The X Pot, a Chinese hot pot restaurant, plans to use robots at its South Loop location  opening this summer, according to the Chicago Tribune. Owner David Zhao told the  Tribune the robots will move around similarly to Roombas, delivering food to tables and  taking away empty dishes.

Wow Bao, a fast Asian street food eatery,  has two fully automated locations, plus a semi-automated one in Streeterville. At the 200 N. Michigan Ave. spot, customers order from a kiosk and their food is placed in a cubby, limiting human interaction.

“It makes the ordering process a lot faster and more accurate because you’re entering your own order,” said Christine Reznicek, Wow Bao’s marketing manager.

The restaurant usually has two to three employees preparing the food, according to Reznicek, and a concierge up front during peak times to assist customers.

Reznicek said it’s a feature the company wants to move forward with.

 “We like the excitement that it encourages,” she said. “It definitely is a draw for  traffic coming in.”

The reception has been almost uniformly positive, Reznicek said.

“It’s been great. Once everyone gets used to the order flow, they like it. We’re pretty big with tourists. They hear about it and want to  come check out the animations.”

She was referring to the dancing bitmojis that traipse across the cubbies’ thin screens at the 200 N. Michigan location.

 KDM Engineering employee Mani Appalamcen, who was picking up lunch, said he  “loves” the vegan options at Wow Bao.

“I like the way your order appears on the monitor and then in the cubby,” he said. “That’s cool and it’s convenient.”

Cleanna Smith, a supervisor at the 200 N. Michigan location, said the technology rarely  has problems but occasionally a guest needs help navigating the ordering stations. 

“I just like that we have all this technology that’s a new experience for people,”  Smith said.  

A cookie on a milkshake: JoJo’s Milk Bar to expand

by Stephanie Racine

When it’s hard to decide between desserts, JoJo’s can save the day. Have your cookie and eat it too—on top of a delicious milkshake.

JoJo’s Milk Bar, which has been making waves in the dessert bar scene with intricate and decadent offerings, opened in River North in February 2019 and recently expanded to a milkshake kiosk in Streeterville.

JoJo’s Shake Bar is on the second  floor Mezzanine of Water Tower Place, near kid-friendly shops such as American Girl, The LEGO Store and The Art Of Dr. Seuss. 

JoJo’s will be partnering with Unicorn World By Lola + The Boys, another nearby kids store,  to offer the Unicorn Shake, a blueberry cherry shake, topped with items like cotton candy, a  sprinkle-dipped cone and candy Do Do’s. 

Co-founder Robbie Schloss is excited to bring JoJo’s to Water Tower and hopes customers will  take part in the “grander-than- life” experience. The “enhanced  retro diner” was inspired by Schloss’s childhood and named for his daughter.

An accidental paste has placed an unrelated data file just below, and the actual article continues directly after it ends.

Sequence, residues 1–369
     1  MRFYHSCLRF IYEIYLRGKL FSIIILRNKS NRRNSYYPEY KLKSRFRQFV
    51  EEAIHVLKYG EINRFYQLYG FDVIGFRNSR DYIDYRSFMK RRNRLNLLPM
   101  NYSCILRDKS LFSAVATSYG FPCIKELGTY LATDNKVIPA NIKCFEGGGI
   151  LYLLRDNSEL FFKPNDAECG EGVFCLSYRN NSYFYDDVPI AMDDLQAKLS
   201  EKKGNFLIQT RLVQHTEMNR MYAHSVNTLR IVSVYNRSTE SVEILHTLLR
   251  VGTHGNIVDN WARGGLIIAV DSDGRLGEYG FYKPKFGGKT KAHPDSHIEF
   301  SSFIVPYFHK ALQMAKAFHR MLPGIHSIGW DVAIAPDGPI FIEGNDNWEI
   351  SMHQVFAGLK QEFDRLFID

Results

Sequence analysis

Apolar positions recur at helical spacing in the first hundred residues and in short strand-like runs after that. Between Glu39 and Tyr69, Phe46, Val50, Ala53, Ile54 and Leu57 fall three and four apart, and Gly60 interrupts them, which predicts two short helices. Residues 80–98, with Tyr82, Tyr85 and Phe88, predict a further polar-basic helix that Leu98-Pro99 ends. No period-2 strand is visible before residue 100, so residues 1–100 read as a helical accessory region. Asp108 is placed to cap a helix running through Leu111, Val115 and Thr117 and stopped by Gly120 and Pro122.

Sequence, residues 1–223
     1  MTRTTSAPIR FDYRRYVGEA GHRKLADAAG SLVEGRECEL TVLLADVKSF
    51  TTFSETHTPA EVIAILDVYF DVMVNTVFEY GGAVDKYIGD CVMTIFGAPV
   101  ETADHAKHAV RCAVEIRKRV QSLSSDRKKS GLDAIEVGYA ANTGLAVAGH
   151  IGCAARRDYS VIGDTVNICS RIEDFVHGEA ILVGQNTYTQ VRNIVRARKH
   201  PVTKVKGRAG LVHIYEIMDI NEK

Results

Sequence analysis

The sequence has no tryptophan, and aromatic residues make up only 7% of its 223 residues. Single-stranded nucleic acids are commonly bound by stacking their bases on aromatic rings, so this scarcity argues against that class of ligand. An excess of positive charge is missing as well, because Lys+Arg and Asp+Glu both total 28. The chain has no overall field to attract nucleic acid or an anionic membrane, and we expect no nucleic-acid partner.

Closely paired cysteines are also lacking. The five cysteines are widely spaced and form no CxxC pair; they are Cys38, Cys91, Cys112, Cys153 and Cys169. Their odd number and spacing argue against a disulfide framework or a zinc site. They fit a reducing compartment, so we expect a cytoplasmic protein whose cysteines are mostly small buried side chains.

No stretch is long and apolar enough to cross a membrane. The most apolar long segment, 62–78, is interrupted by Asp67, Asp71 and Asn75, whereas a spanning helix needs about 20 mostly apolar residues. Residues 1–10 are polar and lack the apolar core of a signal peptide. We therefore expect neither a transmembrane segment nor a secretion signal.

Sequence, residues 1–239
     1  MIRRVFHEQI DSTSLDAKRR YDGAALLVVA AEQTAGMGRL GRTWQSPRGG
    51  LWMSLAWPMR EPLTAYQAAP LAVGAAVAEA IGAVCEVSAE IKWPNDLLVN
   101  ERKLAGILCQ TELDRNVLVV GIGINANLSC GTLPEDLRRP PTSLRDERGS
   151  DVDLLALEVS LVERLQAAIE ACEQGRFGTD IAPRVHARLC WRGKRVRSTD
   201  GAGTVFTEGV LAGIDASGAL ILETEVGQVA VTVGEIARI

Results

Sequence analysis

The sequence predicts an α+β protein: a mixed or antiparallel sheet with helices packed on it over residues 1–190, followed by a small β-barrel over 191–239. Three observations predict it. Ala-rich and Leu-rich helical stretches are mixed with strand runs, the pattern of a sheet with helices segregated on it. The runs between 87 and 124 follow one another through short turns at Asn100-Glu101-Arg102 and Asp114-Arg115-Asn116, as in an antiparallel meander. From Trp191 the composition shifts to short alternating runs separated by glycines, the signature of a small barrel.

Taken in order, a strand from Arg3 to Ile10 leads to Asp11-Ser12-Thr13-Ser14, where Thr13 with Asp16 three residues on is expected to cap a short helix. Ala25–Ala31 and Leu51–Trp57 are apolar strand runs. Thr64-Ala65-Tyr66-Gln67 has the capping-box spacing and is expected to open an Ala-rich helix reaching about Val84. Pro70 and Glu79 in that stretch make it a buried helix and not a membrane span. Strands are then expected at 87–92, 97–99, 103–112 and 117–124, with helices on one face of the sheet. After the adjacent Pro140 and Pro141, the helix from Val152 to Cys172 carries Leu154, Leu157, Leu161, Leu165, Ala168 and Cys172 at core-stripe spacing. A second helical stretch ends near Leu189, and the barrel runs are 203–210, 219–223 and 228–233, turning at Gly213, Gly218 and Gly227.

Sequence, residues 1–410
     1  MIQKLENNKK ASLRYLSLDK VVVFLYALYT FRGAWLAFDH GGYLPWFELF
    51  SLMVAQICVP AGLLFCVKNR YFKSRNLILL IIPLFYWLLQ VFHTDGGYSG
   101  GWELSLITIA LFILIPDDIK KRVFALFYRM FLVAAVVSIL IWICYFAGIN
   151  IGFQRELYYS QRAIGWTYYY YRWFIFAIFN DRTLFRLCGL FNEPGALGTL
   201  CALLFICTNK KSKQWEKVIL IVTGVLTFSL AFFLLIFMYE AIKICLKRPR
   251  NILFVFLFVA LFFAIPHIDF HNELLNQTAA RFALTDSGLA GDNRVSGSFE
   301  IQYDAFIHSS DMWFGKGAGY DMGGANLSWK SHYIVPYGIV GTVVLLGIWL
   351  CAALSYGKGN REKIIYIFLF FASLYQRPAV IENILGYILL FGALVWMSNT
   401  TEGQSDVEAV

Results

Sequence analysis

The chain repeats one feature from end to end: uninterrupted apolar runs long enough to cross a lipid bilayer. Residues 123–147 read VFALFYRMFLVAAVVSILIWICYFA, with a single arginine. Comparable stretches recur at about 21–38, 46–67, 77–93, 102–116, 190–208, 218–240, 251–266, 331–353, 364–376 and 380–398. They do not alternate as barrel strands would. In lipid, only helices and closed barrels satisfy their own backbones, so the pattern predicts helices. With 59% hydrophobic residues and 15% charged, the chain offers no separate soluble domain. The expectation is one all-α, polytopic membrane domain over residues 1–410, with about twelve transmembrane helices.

Unlike its River North location, which serves food and alcohol, JoJo’s Shake Bar focuses on  sweeter fare. Menu items include the Chocolate Nirvana, a shake with Oreos, and the BIGGIE Salted Caramel hot chocolate. The site offers infused milks and assorted freshly baked cookies—  if you prefer them separate from the milkshake.

JoJo’s Milk Bar in River North is also adding some new options.

“JoJo’s will also embark on a  new partnership with Chica- go-based manufacturer of organic Cannabidiol (CBD) and CBD  products, Half Day CBD, for adult diners interested in adding  CBD oil or gummies to milk- shakes, cocktails, hot chocolate  drinks and  oats,” according to a news release.

JoJo’s Shake Bar is open 10 a.m.-9 p.m. Monday to Saturday and 11 a.m.-6 p.m. on Sunday.  For more information, visit jojosmilkbar.com.  

Cooper’s Hawk opens first urban location

by Doug Rapp

An upscale wine and dining chain that started in the suburbs has come to downtown Chicago in time for the holidays.

Cooper’s Hawk, which has 41 locations nationwide, recently opened its first urban location at 58 E. Oak Street, in the Gold Coast’s historic Esquire building.

“The Esquire space presented the perfect location and footprint to serve as the flagship restaurant (in Chicago),” Executive Chef Matt McMillin said.

The renovation of the space took nearly 10 months, according to publicist Laurie Cairns.

“Incorporating our Napa-inspired look was a fun challenge,”  she said.

The large, multi-floor restaurant and winery covers 23,000 square feet. It can accommodate more than 400 people, with a patio and private event space.

They offer a standard menu plus an Esquire signature page featuring upscale dishes, such as pistachio-crusted Australian rack of lamb, 25-ounce prime, bone-in ribeye and miso-glazed Chilean seabass, McMillin said. He’s excited about the “Tribute to the World of  Wine” signature five-course pairing dinner he curated with master sommelier Emily Wines.

The new Chicago location is the first Cooper’s Hawk to offer wines outside their normal portfolio,  Cairns said. It has 1,600 collections from around the world,  including 750 bottles from the personal collection of founder and CEO Tim McEnery.

In addition to the “immersive” experience of fine wine and  dining, Cairns said Cooper’s Hawk offers Wine Club memberships, featuring new wines each month, available for pickup or shipping.

 “(The wine club) is a great introduction for anyone curious about wine, as Cooper’s Hawk  is all about making wine accessible to everyone,” Wines, the  sommelier, said. “We have over 50 varietals, ranging from sweet wines to big robust reds, and everything in between.”

Cairns said they also have holiday-etched bottles, wine ornaments and a 12 Nights of Christmas gift box, which includes a variety of wines.